Have you ever poured your heart out to someone about a major crisis in your life only to have them offer what seems like a rather silly suggestion? They give you a sympathetic "There, there," and then follow it up with, "You know what would help? You just need to get some more sleep." When you hear those kinds of recommendations, you usually leave the conversation thinking that the person didn't hear a thing you just said. You told them about heartbreak, profound sadness, hopelessness, and they didn't really seem to relate to what you said.
Believe it or not, sometimes those tiny little suggestions for how to cope with your problem can actually keep your head above water while you're floundering.
Let's say you're overwhelmed with schoolwork, friendship drama, and now you're experiencing some random depression. You're talking to your mom about it one evening while she's cooking, and without looking up, she says, "Well how about you go for a walk?" What?!? You're trying to communicate the pain that's wrenching your soul, and your mother just tells you to go for a walk.
Guess what? Listen to your mother! Don't assume she is disregarding your sadness – she's trying to tell you what to do with it. After you're finished talking to her, you have some options: go for a walk, or trudge off to your room, turn off the lights, and lie on the floor weeping. If you pick the latter option, you will just keep wallowing in your sadness. As you're lying there by yourself thinking about how miserable you are, has it really helped the situation?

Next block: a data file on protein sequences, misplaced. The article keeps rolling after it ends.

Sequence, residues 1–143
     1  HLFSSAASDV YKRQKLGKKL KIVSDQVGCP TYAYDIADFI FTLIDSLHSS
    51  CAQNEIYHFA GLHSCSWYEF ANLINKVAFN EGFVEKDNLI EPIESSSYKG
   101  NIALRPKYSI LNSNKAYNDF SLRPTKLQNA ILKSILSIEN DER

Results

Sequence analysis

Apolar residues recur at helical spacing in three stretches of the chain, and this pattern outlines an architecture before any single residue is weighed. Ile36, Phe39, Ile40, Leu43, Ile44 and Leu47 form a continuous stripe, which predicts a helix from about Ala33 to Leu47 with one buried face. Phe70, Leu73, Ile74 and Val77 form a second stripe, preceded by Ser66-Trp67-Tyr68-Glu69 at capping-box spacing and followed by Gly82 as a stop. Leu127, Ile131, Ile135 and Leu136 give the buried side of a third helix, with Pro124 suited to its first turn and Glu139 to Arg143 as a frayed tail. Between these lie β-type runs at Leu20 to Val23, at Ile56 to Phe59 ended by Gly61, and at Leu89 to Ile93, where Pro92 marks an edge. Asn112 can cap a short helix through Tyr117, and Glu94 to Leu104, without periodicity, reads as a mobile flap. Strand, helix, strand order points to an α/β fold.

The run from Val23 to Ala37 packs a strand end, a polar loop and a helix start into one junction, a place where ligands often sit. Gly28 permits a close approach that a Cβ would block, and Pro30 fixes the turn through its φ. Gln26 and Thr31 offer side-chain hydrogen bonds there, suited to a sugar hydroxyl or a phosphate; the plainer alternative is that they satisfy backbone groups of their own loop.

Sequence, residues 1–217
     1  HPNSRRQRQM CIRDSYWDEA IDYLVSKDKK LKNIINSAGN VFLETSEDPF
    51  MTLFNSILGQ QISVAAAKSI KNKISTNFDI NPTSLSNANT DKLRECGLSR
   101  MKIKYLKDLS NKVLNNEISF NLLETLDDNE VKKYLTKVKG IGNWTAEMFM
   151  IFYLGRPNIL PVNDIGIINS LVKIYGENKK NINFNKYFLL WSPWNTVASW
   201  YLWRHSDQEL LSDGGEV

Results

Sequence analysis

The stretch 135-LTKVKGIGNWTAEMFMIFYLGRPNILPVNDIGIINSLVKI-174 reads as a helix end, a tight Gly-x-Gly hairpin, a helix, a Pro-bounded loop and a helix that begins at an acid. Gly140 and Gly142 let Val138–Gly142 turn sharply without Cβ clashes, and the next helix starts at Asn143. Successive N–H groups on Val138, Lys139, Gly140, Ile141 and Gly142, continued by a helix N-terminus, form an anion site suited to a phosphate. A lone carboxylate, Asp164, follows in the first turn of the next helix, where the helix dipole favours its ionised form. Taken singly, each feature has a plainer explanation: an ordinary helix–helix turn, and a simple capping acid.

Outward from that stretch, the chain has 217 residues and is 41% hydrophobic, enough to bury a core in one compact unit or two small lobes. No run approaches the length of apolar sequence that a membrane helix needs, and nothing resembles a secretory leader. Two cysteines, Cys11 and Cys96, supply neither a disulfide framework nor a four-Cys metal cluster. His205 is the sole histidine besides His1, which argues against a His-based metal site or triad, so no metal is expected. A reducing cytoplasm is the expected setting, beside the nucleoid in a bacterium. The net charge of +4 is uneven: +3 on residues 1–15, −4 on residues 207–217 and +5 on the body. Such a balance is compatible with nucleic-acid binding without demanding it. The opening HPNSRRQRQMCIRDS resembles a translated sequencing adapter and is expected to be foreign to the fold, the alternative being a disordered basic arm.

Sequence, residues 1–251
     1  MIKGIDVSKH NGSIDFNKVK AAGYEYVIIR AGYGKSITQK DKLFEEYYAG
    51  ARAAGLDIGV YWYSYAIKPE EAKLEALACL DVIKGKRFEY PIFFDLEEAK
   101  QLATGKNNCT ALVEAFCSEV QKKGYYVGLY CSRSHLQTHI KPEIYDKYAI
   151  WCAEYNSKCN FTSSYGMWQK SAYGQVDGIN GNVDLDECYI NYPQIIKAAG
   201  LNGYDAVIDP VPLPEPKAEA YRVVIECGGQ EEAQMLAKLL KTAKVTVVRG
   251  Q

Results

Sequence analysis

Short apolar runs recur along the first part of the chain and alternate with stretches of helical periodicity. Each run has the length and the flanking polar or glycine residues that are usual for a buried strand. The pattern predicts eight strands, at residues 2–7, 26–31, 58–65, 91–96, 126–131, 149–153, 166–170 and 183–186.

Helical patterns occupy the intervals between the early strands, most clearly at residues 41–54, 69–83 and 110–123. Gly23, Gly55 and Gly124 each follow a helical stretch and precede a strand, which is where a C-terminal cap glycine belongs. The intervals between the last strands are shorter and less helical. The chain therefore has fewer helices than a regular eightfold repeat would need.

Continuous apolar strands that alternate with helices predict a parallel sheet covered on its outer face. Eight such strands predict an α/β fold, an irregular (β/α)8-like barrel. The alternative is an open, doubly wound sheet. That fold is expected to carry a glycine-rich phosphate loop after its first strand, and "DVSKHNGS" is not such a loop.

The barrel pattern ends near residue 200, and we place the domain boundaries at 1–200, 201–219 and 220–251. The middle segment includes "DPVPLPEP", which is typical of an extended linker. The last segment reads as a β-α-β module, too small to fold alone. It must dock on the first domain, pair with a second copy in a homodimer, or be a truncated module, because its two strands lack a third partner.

Instead of sulking, try to throw yourself into an activity, like taking a walk. Let's be realistic, is this going to be the happiest, most energetic walk you've ever taken? Probably not. But when you get back home, you're likely going to feel much better than you would if you sat in your room and cried. You're not necessarily going to feel like you're on top of the world, but you'll feel better.
Bottom-line is this: take time to be sad, but then take action!
Next, how to figure out which coping skill to choose…
Go Back to Coping Skills Page